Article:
Mark 10

* The Pharisees' question concerning divorce. (1-12) Christ's

love to little children. (13-16) Christ's discourse with the

rich young man. (17-22) The hinderance of riches. (23-31) Christ

foretells his sufferings. (32-45) Bartimeus healed. (46-52)

1-12 Wherever Jesus was, the people flocked after him in

crowds, and he taught them. Preaching was Christ's constant

practice. He here shows that the reason why Moses' law allowed

divorce, was such that they ought not to use the permission; it

was only for the hardness of their hearts. God himself joined

man and wife together; he has fitted them to be comforts and

helps for each other. The bond which God has tied, is not to be

lightly untied. Let those who are for putting away their wives

consider what would become of themselves, if God should deal

with them in like manner.
13-16 Some parents or nurses brought little children to Christ,

that he should touch them, in token of his blessing them. It

does not appear that they needed bodily cures, nor were they

capable of being taught: but those who had the care of them

believed that Christ's blessing would do their souls good;

therefore they brought them to him. Jesus ordered that they

should be brought to him, and that nothing should be said or

done to hinder it. Children should be directed to the Saviour as

soon as they are able to understand his words. Also, we must

receive the kingdom of God as little children; we must stand

affected to Christ and his grace, as little children to their

parents, nurses, and teachers.
17-22 This young ruler showed great earnestness. He asked what

he should do now, that he might be happy for ever. Most ask for

good to be had in this world; any good, #Ps 4:6|; he asks for

good to be done in this world, in order to enjoy the greatest

good in the other world. Christ encouraged this address by

assisting his faith, and by directing his practice. But here is

a sorrowful parting between Jesus and this young man. He asks

Christ what he shall do more than he has done, to obtain eternal

life; and Christ puts it to him, whether he has indeed that firm

belief of, and that high value for eternal life which he seems

to have. Is he willing to bear a present cross, in expectation

of future crown? The young man was sorry he could not be a

follower of Christ upon easier terms; that he could not lay hold

on eternal life, and keep hold of his worldly possessions too.

He went away grieved. See #Mt 6:24|, Ye cannot serve God and

mammon.
23-31 Christ took this occasion to speak to his disciples about

the difficulty of the salvation of those who have abundance of

this world. Those who thus eagerly seek the wealth of the world,

will never rightly prize Christ and his grace. Also, as to the

greatness of the salvation of those who have but little of this

world, and leave it for Christ. The greatest trial of a good

man's constancy is, when love to Jesus calls him to give up love

to friends and relatives. Even when gainers by Christ, let them

still expect to suffer for him, till they reach heaven. Let us

learn contentment in a low state, and to watch against the love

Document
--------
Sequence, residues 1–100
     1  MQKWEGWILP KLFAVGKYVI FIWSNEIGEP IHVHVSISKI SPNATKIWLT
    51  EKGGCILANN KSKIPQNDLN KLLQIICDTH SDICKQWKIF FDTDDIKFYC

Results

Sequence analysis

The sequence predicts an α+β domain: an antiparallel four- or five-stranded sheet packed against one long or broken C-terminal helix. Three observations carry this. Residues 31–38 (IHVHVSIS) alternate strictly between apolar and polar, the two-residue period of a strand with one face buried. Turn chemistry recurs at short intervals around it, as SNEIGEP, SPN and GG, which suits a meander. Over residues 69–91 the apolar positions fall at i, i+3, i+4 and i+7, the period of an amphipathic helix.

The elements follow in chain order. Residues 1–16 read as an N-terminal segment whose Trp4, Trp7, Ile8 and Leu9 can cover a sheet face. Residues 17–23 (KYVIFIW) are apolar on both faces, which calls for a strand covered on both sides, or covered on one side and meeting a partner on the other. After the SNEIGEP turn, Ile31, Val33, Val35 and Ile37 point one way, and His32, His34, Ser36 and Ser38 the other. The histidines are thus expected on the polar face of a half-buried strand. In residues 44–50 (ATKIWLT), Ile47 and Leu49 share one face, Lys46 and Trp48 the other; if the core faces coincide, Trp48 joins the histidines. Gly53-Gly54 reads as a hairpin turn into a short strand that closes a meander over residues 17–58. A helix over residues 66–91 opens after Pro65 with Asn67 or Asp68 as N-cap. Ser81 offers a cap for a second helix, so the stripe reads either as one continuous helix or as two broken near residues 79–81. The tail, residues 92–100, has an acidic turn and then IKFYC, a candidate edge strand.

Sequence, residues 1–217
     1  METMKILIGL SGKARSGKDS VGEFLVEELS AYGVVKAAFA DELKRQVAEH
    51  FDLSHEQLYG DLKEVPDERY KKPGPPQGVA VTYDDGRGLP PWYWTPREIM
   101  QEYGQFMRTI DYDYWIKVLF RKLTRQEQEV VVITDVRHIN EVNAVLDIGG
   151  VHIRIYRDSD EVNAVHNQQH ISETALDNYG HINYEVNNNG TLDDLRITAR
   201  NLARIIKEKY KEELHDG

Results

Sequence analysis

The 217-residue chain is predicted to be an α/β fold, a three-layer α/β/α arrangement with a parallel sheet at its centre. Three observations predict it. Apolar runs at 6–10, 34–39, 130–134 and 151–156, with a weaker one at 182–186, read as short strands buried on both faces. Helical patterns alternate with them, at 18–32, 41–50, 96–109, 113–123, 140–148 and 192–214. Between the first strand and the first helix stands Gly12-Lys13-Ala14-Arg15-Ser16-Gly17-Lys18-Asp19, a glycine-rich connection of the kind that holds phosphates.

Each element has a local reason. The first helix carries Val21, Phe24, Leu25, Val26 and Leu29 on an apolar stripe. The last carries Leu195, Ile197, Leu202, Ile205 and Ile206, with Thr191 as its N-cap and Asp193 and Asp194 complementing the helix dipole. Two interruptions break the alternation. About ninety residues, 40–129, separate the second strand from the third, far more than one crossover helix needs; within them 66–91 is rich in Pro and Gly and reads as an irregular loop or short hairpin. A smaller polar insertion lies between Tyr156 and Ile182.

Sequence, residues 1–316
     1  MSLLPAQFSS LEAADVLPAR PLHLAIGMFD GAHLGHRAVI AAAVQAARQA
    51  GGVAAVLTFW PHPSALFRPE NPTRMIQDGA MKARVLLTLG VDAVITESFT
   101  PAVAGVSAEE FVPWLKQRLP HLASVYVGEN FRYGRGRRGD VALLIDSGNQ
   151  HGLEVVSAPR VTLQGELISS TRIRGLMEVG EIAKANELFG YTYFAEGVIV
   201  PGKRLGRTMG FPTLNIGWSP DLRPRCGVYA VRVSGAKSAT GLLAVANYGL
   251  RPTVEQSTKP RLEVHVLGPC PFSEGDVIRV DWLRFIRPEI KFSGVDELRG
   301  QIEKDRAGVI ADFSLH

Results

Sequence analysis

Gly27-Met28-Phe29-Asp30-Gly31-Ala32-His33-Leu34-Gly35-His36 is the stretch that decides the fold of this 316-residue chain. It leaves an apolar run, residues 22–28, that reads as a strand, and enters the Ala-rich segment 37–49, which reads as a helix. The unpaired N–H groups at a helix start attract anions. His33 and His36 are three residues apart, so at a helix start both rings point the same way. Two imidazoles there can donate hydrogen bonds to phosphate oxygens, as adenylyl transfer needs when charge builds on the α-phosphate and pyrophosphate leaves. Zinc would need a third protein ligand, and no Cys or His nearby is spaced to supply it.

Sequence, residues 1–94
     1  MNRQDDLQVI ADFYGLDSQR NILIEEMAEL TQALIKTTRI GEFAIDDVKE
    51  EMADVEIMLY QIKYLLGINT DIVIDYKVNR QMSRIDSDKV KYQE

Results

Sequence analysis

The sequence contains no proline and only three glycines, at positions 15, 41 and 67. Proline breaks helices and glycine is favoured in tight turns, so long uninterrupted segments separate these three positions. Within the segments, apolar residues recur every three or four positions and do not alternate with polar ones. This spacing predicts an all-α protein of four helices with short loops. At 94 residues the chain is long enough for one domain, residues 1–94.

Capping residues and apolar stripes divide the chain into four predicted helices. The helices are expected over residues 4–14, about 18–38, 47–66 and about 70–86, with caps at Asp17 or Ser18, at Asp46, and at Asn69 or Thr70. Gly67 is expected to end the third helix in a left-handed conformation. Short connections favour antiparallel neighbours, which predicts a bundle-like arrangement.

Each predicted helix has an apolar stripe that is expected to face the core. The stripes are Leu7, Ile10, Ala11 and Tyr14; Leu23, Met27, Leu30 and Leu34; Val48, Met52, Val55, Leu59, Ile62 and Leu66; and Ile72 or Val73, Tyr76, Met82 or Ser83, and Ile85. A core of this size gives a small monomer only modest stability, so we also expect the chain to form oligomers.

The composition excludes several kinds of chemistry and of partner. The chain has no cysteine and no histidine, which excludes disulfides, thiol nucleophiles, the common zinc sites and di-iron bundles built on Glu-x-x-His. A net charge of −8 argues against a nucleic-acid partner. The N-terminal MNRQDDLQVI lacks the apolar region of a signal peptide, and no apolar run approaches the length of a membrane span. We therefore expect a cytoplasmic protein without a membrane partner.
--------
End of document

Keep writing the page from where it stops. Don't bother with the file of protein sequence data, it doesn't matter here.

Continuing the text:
of riches in a high one. Let us pray to be enabled to part with

all, if required, in Christ's service, and to use all we are

allowed to keep in his service.
32-45 Christ's going on with his undertaking for the salvation

of mankind, was, is, and will be, the wonder of all his

disciples. Worldly honour is a glittering thing, with which the

eyes of Christ's own disciples have many times been dazzled. Our

care must be, that we may have wisdom and grace to know how to

suffer with him; and we may trust him to provide what the

degrees of our glory shall be. Christ shows them that dominion

was generally abused in the world. If Jesus would gratify all

our desires, it would soon appear that we desire fame or

authority, and are unwilling to taste of his cup, or to have his

baptism; and should often be ruined by having our prayers

answered. But he loves us, and will only give his people what is

good for them.
46-52 Bartimeus had heard of Jesus and his miracles, and

learning that he was passing by, hoped to recover his eyesight.

In coming to Christ for help and healing, we should look to him

as the promised Messiah. The gracious calls Christ gives us to

come to him, encourage our hope, that if we come to him we shall

have what we come for. Those who would come to Jesus, must cast

away the garment of their own sufficiency, must free themselves

from every weight, and the sin that, like long garments, most

easily besets them, #Heb 12:1|. He begged that his eyes might be

opened. It is very desirable to be able to earn our bread; and

where God has given men limbs and senses, it is a shame, by

foolishness and slothfulness, to make themselves, in effect,

blind and lame. His eyes were opened. Thy faith has made thee

whole: faith in Christ as the Son of David, and in his pity and

power; not thy repeated words, but thy faith; Christ setting thy

faith to work. Let sinners be exhorted to imitate blind

Bartimeus. Where the gospel is preached, or the written words of

truth circulated, Jesus is passing by, and this is the

opportunity. It is not enough to come to Christ for spiritual

healing, but, when we are healed, we must continue to follow

him; that we may honour him, and receive instruction from him.

Those who have spiritual eyesight, see that beauty in Christ

which will draw them to run after him.
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